While many people are resigned to being lied to by politicians, few will defend the premise that a leader should lie to us for our own good. Even liars want the people around them to be truthful, so that they do not lose their own way.
A leader who is tasked with acting as navigator for an entire community must seek to have people around him who will give him rigorously accurate information, so he does not crash the vessel on the rocks. If he is a liar, he has arrogated the right to himself to be the only one in the system, as he could not do his job if the others around him behaved as he did.
Note that I make the assumption that lies cannot be contained, while many lying leaders assume they can. We can all collaborate to lie to the public, as long as we are honest with one another: this was the ethic of the Nixon administration and of many other governments through-out history. Crisis situations tend to bring out this ethic; in crises, war being a prime example, conventional rulebooks are suspended and fraud (alongside force) is engaged to achieve our goals.
As Sissela Bok points out, apologists for lying have long maintained that there are people to whom we owe no obligation of truth. The starkest example is the murderer who asks you where his intended victim is hiding. This hypothetical, discussed by every philosopher who has analyzed the phenomenon of lying, divides the absolutists from the relativists. Kant, an absolutist, maintained we must not even lie to a murderer. Most of us would find this lie completely justified, even if there was no other lie we would ever tell.
At the other extreme, we may create structures in which we "owe no obligation of truth" to large groups of people, based on such factors as race, geographical origin, economic status, or the mere fact that they are our "followers." Here the exception winds up eating the rule: we may have no obligation of honesty to anyone except a select few--and we may even betray those when there is something else to be gained. We can call this the "organized crime" theory of leadership.
Human inertia leads to complacency sometimes. We tolerate the harm a friend did another because we do not want to give up a friend. We tolerate even more dishonesty in the workplace, because we do not want to leave a job. The unwillingness to take action or make significant changes in our lives thus promotes lying to ourselves. Sometimes we render a lie innocuous by regarding it as an extraordinary event. Someone told a lie to promote a particularly important goal, but now that things have returned to normal he will return to truth and I can count on him.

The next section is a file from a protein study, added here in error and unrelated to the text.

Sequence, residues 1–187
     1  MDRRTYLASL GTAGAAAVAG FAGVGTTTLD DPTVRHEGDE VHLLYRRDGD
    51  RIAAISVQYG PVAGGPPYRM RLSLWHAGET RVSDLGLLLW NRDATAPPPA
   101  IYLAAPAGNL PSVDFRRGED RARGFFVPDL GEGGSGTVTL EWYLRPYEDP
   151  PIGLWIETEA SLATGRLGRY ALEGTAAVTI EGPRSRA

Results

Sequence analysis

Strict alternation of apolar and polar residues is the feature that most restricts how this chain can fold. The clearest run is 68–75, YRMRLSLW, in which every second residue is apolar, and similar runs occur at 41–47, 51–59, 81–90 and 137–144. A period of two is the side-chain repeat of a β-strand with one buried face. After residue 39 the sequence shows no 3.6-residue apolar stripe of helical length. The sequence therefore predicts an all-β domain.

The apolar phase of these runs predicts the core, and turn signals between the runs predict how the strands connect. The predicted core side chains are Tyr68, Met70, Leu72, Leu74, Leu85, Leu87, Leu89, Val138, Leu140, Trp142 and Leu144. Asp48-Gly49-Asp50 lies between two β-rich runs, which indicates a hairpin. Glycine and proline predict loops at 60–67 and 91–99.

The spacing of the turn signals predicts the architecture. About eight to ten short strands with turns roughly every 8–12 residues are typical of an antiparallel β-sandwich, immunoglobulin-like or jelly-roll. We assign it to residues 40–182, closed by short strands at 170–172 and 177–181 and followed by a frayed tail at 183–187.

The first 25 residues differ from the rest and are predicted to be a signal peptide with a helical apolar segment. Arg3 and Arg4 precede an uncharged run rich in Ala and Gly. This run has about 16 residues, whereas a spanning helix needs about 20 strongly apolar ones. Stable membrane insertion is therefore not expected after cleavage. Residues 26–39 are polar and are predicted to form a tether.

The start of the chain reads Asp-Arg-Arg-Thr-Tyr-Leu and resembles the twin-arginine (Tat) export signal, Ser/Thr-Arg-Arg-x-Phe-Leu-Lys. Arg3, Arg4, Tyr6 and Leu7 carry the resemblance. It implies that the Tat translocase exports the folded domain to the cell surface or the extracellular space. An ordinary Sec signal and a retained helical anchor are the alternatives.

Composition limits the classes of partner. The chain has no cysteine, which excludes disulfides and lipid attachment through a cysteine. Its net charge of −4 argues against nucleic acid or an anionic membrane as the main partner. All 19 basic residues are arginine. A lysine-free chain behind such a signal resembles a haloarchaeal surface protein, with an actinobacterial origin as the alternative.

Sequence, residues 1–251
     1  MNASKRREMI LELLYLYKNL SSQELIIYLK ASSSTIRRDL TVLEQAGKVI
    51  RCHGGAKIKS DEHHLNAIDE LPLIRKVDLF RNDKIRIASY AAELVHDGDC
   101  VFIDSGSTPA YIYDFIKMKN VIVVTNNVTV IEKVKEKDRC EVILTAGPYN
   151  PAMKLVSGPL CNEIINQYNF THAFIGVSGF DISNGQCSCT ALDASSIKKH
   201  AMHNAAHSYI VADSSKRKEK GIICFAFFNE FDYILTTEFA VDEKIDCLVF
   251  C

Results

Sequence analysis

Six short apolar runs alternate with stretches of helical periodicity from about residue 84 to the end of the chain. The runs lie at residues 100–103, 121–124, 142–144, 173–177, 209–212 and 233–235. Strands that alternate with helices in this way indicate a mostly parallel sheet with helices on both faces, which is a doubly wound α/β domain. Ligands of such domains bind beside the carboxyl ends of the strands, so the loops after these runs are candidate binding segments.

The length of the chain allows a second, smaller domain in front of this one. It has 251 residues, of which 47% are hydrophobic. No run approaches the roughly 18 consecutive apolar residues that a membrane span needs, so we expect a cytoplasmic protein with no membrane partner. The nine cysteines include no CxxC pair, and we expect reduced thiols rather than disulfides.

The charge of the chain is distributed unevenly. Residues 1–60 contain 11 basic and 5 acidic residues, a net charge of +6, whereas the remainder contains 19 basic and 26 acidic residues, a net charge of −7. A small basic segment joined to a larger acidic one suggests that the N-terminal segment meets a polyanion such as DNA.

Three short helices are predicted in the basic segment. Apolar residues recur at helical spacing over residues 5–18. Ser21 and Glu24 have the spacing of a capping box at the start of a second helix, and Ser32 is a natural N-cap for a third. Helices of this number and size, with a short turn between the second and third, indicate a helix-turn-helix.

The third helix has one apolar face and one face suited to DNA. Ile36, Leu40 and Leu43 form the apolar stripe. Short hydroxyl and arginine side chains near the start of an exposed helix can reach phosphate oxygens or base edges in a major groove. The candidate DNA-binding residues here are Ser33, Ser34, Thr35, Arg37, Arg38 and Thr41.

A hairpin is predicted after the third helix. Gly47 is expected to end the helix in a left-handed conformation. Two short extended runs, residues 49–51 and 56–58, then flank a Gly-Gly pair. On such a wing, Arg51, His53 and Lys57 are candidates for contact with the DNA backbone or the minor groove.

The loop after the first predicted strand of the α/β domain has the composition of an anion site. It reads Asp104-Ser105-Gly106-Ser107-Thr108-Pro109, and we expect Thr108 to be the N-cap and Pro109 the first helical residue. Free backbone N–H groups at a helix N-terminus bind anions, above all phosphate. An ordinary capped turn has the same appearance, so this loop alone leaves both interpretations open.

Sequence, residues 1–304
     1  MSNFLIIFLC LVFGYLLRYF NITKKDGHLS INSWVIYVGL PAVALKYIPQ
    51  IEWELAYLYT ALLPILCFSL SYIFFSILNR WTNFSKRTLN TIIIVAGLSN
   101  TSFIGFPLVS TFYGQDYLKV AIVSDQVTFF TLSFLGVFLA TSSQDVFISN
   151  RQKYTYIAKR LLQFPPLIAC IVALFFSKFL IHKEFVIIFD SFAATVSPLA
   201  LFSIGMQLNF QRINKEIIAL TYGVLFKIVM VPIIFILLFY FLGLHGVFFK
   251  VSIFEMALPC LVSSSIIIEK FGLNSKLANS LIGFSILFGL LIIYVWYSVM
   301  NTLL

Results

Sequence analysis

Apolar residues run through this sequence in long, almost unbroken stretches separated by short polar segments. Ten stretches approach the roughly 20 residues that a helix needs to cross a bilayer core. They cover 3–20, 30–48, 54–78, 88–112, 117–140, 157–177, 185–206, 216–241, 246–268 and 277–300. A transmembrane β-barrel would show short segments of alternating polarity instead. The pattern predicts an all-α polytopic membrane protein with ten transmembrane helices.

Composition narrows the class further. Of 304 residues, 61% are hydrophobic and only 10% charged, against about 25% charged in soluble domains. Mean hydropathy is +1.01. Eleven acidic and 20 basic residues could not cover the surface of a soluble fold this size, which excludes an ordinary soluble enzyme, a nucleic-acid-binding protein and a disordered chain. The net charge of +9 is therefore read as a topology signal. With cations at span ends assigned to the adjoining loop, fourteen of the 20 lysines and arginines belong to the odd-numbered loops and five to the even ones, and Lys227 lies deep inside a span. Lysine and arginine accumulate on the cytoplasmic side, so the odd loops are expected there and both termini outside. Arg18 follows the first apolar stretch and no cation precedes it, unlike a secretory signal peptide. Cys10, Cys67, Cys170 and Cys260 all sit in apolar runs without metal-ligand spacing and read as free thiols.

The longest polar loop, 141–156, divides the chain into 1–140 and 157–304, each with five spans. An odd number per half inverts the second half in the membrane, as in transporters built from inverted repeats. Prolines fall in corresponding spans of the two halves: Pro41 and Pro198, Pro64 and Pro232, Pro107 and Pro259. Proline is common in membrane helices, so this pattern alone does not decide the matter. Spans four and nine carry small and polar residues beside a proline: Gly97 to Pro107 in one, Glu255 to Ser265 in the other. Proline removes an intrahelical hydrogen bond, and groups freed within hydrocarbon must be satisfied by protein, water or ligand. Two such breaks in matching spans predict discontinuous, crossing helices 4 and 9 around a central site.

The problem is that this flies in the face of human nature. Just as bodies in motion tend to remain in motion, liars who have succeeded in obtaining something important through a falsehood should be expected to utter another one when there is something else to obtain. Lies become habitual and the goals may be of decreasing importance.
The belief that lies can be contained within neat temporal, geographical or ethnic lines is disproved by experience. "[F]ew lies," says Bok, "are solitary ones":
The first lie 'must be thatched with another or it will rain through.' More and more lies may come to be needed; the liar always has more mending to do. And the strains on him become greater each time...
After the first lies, moreover, others can come more easily. Psychological barriers wear down; lies seem more necessary, less reprehensible; the ability to make moral distinctions can coarsen...
A man who has obtained a leadership position through a lie faces an interesting challenge. If he cannot convince the people around him that there was no lie, then he must try to persuade them that it was the last one; in other words, that lies can be contained. Since his entire authority, the position itself, was obtained by that lie, it will be a very difficult task. It is on a moral plane with: "We had to commit one murder to achieve our goals, but there will never be another." In life, as in the movies, everyone usually has their knives out a remarkably short time after this statement is made.
In the graphic hypothetical of the killer seeking his victim, we face an extraordinary situation. The rules have broken down (or the authorities who could apply them cannot reach us in time) and we are in a state of nature where the individual we are facing is prepared to apply force.
However, even in this situation we have other choices. We could respond with force, or run away, or refuse to answer. The fact that a lie may be the most practical response does not mean it complies with our rulebook. Nor are we compelled to rewrite the rules to accomodate it.
Here we face the old confusion between the moral and practical. Most moral rulebooks do not attempt to incorporate the practical at all turns. (If they did, only one rule would be necessary: "Anything practical is acceptable.") It may be highly practical to throw some people from the lifeboat when the waves get high or food is short (it may be even more practical to kill and eat them.) But under most of our rulebooks, it would be a highly unethical choice.